Helping a good cause
Updated: Mar 31, 2022
About halfway along the 54-mile Selma to Montgomery route of the Voting Rights March of 1965 a lady parked in the medium between the US 80 lanes flagged me down. She was out of gas. Two little girls were bopping up and down in the front seat so her walking or hitching to the next gas station was problematic. I told her it’s just not your day and pedaled away.
Hey, not really. I told her I’d ride to the next filling station and ask someone there to take gas to her. I got Gwen’s phone number but refused her money for gas. A lot of folks have helped me on my journey, so I was happy to reciprocate.
Two miles down the road I spied a man mowing the lawn at the Wright Chapel, an African Methodist Episcopal (AME) Zion Church. His name was Houston and he looked about as enthusiastic as me to help, but good deeds are done because they are good, not for fun. He said he’d drive down there and give the lady some gas. As I called Gwen to tell her help was on its way, I told Houston how things had changed. I was following the Voting Rights March trail and here it was 57 years to the month later and I stopped to help a black lady without gas on that very route.
Turns out Houston was in the march.
“I was thirteen. I remember watching them and then I joined them for the final miles to Montgomery,” he said.
Then he pointed to a shrine a short walk from the chapel. “That’s a memorial to Viola Liuzzo,” he said, “she was killed near here,” he added pointing across US 80.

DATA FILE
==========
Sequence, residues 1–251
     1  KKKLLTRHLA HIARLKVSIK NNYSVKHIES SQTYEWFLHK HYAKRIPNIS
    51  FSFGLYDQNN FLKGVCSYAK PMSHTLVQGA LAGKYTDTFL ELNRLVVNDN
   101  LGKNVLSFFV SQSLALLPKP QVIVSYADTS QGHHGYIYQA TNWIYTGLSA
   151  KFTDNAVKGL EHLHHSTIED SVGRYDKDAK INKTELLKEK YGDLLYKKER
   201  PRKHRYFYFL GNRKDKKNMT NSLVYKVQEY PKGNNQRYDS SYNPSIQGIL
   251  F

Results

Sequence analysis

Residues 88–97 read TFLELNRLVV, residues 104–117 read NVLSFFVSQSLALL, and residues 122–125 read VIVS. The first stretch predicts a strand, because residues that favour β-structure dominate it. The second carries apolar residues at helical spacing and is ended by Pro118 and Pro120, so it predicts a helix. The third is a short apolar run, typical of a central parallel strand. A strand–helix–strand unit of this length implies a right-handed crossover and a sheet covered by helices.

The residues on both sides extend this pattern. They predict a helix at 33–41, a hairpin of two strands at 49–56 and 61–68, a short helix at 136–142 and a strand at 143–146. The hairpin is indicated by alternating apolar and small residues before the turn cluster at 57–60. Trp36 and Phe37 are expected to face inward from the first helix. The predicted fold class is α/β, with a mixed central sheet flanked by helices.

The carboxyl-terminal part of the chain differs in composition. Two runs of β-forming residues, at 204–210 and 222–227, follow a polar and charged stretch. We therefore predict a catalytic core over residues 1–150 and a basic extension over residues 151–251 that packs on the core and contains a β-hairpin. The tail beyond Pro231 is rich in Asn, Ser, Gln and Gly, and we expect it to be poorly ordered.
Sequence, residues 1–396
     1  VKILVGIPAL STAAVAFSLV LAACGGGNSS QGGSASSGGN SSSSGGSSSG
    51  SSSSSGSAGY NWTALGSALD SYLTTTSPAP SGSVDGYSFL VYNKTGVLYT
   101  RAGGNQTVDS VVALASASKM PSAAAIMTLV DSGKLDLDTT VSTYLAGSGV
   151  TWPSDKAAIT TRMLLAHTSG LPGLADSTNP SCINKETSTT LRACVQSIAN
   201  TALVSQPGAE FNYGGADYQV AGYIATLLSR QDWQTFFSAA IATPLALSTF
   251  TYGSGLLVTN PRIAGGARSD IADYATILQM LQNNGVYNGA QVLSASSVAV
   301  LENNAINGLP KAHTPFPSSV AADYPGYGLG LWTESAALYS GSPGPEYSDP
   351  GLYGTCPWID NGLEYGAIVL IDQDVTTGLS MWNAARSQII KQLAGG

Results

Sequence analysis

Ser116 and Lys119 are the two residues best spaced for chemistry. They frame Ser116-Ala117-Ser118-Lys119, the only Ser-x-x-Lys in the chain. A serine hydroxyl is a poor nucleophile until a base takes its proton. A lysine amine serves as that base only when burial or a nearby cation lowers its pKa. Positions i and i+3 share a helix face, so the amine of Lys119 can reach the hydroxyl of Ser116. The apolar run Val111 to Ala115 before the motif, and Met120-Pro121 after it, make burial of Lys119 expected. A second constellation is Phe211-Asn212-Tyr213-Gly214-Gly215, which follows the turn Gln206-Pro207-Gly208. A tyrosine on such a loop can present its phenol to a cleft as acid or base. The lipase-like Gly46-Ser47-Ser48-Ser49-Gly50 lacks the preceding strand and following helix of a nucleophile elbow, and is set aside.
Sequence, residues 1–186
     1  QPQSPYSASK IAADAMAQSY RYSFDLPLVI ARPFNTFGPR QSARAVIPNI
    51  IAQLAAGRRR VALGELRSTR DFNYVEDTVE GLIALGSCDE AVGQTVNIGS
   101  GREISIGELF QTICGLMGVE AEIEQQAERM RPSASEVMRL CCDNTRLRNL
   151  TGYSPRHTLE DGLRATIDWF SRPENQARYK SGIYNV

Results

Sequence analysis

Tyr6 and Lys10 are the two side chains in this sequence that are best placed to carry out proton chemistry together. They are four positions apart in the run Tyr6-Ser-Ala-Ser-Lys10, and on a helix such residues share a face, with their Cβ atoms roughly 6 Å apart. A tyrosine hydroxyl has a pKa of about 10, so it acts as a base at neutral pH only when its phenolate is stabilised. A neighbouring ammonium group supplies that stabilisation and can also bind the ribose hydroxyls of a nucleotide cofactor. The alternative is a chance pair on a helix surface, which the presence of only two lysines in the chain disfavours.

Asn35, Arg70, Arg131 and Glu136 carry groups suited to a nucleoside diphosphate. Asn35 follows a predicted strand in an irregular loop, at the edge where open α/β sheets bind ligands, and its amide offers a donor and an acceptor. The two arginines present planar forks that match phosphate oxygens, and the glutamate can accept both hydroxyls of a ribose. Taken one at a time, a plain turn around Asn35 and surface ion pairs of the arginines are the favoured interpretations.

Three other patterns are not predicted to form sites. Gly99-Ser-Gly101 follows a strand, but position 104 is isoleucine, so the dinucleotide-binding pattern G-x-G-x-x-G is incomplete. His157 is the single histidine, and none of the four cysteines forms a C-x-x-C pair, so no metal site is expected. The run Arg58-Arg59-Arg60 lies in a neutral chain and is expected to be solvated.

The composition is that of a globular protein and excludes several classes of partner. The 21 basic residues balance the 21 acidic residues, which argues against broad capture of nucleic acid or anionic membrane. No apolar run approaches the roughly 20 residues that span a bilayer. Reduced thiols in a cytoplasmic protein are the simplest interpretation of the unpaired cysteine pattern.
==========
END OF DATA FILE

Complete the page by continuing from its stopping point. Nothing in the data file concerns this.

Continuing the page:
Viola Gregg Liuzzo was a 39-year-old mother of five from Detroit. When she saw Alabama State Police beating marchers on March 7 the day they first attempted to walk from Selma on what is now known as Bloody Sunday, she decided to help the marchers. Mrs. Liuzzo drove alone to Alabama to support them.
She ferried supporters between Selma and Montgomery on the four-day walk and on March 25 after it finished in Montgomery, she was driving back to Selma and was shot twice by members of the Ku Klux Klan.
During a nationally televised speech the next day, March 26, President Lyndon Johnson said: “Mrs. Liuzzo went to Alabama to serve the struggle for justice. She was murdered by the enemies of justice, who for decades have used the rope and the gun and the tar and feathers to terrorize their neighbors.”
Maybe the lesson is this: if you meet a lady out of gas, help her, you might learn something.